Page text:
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A Step Toward Increasing Patients’ Voices in Clinical Trials

Wednesday, July 8, 2020

The Cancer Support Community welcomes the FDA’s new pilot program, Patient Project Voice, as a thoughtful first step toward the development of a comprehensive and consistent method of sharing patient experience data (PED) collected in clinical trials with patients and providers to help inform treatment decisions. For years, the CSC has been in conversations with the FDA on the importance of collecting PED and specifically, in incentivizing manufacturers to examine PED through a pilot program. We are very encouraged to see the agency pursue this opportunity and are eager to work with interested stakeholders to make the project a success.

The New Year Brings Important Policy Changes That Benefit Patients

Monday, January 13, 2020

As we start a new year, the Cancer Support Community (CSC) is pleased to report on two exciting policy changes that promote the delivery of psychosocial care for cancer patients.

CSC’s Cancer Policy Institute supports FDA Access to User Fees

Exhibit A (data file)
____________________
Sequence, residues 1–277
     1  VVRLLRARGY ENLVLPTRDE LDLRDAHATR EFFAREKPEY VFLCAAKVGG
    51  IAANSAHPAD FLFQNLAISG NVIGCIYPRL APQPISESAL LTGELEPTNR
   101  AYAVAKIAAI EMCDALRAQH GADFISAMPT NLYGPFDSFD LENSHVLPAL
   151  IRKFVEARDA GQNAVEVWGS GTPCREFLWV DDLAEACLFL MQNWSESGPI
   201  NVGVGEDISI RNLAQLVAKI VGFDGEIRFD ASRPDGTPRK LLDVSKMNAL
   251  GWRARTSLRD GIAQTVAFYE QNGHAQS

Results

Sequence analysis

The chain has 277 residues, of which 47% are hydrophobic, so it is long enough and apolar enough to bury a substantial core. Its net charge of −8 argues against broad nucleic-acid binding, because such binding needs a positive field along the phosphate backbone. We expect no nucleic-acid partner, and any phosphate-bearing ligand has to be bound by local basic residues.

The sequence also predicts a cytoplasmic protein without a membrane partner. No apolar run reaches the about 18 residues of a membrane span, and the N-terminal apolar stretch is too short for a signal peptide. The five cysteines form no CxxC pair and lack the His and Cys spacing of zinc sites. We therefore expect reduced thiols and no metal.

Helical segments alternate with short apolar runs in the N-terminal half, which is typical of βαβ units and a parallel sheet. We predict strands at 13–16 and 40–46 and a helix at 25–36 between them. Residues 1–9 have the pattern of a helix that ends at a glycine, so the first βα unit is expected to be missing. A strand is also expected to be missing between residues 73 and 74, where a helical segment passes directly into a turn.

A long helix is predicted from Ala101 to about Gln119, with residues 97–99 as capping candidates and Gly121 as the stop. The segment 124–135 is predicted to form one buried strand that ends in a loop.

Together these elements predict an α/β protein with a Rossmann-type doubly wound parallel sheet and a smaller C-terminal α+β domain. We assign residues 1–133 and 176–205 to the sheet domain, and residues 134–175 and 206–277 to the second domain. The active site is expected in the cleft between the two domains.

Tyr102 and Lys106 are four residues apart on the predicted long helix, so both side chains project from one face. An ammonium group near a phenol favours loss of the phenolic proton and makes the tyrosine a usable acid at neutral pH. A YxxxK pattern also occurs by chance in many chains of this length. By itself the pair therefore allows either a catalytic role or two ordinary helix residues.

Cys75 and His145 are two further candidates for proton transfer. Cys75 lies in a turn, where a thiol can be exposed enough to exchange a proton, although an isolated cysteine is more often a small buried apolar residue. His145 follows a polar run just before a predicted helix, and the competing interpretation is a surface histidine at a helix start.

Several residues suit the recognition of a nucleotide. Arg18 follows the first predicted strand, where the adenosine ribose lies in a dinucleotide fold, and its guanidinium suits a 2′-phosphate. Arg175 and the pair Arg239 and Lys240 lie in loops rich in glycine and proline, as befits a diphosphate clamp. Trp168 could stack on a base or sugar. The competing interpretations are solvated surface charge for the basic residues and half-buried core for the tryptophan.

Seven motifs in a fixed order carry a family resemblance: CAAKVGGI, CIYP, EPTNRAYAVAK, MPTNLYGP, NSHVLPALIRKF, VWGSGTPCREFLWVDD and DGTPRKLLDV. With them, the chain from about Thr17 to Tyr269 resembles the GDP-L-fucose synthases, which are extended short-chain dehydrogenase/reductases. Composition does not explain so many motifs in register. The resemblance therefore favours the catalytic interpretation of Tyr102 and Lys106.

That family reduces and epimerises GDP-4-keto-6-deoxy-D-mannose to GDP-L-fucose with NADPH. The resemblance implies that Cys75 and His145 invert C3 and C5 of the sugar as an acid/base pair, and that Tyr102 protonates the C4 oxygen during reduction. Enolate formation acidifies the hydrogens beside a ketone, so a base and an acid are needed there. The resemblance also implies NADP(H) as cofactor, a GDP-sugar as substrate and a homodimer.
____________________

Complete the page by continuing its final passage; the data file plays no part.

Friday, September 20, 2013

On September 10, 2013 the Cancer Support Community’s Cancer Policy Institute sent a letter of thanks and support to those Members of Congress who recently introduced legislation to protect the Food and Drug Administration’s (FDA) user fees from sequestration.

In 2012, Congress passed the FDA Safety and Innovation Act (FDASIA). As a result, new fees – paid by drug and device manufacturers – were instituted to provide the FDA with a much needed funding stream to provide for improvements to their drug and device review processes. This dedicated funding stream was designed to facilitate timely patient access to safe and effective new and generic medicines, medical devices and diagnostics.

The Lung Cancer Community Speaks Out

Wednesday, July 17, 2013

During a public meeting at the Food and Drug Administration (FDA) last month, a lung cancer survivor shared her experience. When she was diagnosed years ago, the first thing her doctor said to her was, “How should we begin your smoking cessation program?”

The woman had never even been a smoker—just like one out of every five people living with lung cancer.

She then pointed out that even if she had been, 60% of people diagnosed with lung cancer have already quit smoking, and many long-time smokers became addicted when they were just teens—and for many, that was before government warnings and stricter laws on advertising

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